Republicans want to let unsupportive parents sue doctors who treat their transgender children

The bill follows a Republican blatantly untrue narrative that children are being forced to transition against their will.

Republicans want to let unsupportive parents sue doctors who treat their transgender children

A group of Republican senators has introduced a bill that would deny federal funds to any gender-affirming medical care for transgender individuals. The bill would also allow anyone who received such care (and their parents) to sue the medical professionals who provided it. But the bill is based on a misleading and transphobic view of how gender-affirming care actually works.

The so-called “Protect Minors from Medical Malpractice Act of 2022” would give individuals who were given puberty blockers, hormone replacement therapy, and surgical procedures — and their parents — up to 30 years after the age of 18 to sue the medical professionals who administered the care.

The bill would also make it so that neither federal dollars nor federal laws could compel medical practitioners to offer such care.

Far right groups shift focus to LBGTQ events. Their hateful aim hasn’t changed

Far right groups shift focus to LBGTQ events. Their hateful aim hasn’t changed

Two incidents in which far-right extremists targeted LGBTQ events earlier this month marked what appeared to be a shift in focus for white supremacist activists.

A group of men with ties to the white nationalist Patriot Front was arrested outside a Pride event in Coeur D’Alene, Idaho. The same day, alleged members of the far-right Proud Boys crashed a children’s drag queen storytelling event and shouted homophobic and transphobic slurs, in what Alameda, Calif., sheriffs are now investigating as a possible hate crime.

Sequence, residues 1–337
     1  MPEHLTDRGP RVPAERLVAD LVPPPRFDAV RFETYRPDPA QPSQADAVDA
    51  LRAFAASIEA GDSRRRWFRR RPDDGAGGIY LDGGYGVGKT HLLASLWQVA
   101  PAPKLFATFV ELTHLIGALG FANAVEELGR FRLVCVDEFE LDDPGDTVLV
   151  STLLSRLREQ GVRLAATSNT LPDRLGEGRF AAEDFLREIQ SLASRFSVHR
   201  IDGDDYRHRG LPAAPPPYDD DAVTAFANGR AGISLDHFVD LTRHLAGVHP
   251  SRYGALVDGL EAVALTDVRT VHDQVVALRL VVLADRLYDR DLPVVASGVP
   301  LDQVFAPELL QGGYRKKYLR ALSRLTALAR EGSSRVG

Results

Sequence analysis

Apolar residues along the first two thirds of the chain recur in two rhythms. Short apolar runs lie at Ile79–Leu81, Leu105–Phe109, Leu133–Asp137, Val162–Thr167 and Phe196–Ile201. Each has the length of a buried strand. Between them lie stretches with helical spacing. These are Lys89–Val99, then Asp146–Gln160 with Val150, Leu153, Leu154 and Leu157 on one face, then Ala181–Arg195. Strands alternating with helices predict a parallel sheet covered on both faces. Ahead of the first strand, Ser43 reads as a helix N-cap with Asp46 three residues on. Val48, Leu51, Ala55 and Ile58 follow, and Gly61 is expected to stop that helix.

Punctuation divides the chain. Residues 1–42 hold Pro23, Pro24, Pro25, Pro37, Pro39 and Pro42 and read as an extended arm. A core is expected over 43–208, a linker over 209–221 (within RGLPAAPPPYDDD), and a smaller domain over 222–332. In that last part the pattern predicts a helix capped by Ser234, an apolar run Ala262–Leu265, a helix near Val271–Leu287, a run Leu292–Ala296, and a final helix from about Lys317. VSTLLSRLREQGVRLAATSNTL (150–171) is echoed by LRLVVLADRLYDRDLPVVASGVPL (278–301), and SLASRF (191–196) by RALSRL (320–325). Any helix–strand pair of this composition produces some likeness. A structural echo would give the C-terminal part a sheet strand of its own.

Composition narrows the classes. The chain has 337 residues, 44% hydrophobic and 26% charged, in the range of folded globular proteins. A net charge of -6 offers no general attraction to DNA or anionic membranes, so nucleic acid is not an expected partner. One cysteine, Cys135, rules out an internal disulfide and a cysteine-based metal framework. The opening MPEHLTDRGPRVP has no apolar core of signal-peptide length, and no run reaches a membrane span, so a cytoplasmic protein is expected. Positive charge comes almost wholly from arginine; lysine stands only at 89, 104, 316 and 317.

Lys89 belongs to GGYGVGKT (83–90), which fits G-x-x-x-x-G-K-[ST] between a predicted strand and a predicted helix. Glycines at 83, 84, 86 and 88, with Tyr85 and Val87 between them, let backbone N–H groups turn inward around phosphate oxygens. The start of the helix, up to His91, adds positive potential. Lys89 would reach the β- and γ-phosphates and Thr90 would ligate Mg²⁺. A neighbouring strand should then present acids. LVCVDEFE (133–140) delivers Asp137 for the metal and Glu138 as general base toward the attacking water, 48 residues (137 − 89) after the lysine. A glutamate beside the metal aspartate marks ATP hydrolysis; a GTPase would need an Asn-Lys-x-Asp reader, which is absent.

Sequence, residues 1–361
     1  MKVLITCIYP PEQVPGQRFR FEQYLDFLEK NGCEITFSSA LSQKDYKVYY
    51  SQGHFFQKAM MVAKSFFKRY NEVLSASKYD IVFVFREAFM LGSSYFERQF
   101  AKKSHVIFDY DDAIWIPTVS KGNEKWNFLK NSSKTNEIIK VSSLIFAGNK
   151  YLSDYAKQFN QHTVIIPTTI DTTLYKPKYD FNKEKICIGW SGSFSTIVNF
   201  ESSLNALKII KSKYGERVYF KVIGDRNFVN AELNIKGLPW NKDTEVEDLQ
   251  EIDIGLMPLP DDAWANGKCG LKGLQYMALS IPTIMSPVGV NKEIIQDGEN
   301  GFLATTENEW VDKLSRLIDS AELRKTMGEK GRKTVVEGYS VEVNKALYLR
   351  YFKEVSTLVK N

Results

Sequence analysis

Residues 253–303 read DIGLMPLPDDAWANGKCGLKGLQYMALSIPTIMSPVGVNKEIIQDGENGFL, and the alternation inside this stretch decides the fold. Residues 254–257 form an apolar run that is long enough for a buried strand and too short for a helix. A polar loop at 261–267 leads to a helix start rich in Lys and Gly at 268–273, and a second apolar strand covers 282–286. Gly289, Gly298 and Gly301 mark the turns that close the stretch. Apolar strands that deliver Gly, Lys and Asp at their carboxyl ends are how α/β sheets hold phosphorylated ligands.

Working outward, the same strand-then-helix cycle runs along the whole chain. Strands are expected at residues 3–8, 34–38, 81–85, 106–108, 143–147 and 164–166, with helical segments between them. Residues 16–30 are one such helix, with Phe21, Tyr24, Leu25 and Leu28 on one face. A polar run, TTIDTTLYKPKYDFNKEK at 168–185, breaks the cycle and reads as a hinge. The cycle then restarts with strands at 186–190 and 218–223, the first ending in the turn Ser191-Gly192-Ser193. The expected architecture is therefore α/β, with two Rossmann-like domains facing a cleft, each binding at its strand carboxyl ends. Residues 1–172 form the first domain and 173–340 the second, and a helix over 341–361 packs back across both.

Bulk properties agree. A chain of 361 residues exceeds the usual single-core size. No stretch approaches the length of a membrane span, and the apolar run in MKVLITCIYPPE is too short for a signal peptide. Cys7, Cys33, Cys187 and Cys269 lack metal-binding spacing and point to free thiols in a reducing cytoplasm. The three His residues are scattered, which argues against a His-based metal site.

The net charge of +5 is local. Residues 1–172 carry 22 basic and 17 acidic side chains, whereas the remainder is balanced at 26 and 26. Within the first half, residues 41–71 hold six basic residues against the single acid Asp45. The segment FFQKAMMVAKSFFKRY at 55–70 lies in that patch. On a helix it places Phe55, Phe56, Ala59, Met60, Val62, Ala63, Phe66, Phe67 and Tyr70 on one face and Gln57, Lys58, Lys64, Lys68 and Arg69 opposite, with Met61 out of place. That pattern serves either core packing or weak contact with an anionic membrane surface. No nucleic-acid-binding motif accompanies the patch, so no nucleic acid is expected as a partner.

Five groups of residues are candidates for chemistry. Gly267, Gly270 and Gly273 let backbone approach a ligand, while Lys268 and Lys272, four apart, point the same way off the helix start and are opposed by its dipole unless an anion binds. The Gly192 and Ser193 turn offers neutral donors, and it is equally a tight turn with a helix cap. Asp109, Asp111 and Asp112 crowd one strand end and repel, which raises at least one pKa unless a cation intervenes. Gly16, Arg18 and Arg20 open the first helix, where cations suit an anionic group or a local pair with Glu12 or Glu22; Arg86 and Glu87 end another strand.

Earlier iterations of Patriot Front and the Proud Boys were among the neo-Nazi factions who sought to intimidate the Charlottesville, Va., community at the “Unite the Right” rally in 2017.

Transgender people of color face unique challenges as gender discrimination and racism intersect

Transgender people of color face unique challenges as gender discrimination and racism intersect

Throughout history, transgender people of color have had a place of honor in many indigenous cultures around the world.

This changed in many places, however, as European colonizers began forcing indigenous people to follow white social norms. These include anti-Blackness, Christianity and a gender binary that reduced gender to just man and woman. Colonizers presumed that being cisgender, or having a gender identity that is congruent with gender assigned at birth, was the only acceptable norm.

For trans people who refused or were unable to conform, colonial societies often used racism and cissexism, or behaviors and beliefs that assume the inferiority of trans people, to invalidate their existence, limit their access to resources and threaten their well-being. For example, colonizers in some cases deemed people who expressed their gender outside the binary as sinful and deviant, and punished them with emotional and physical violence.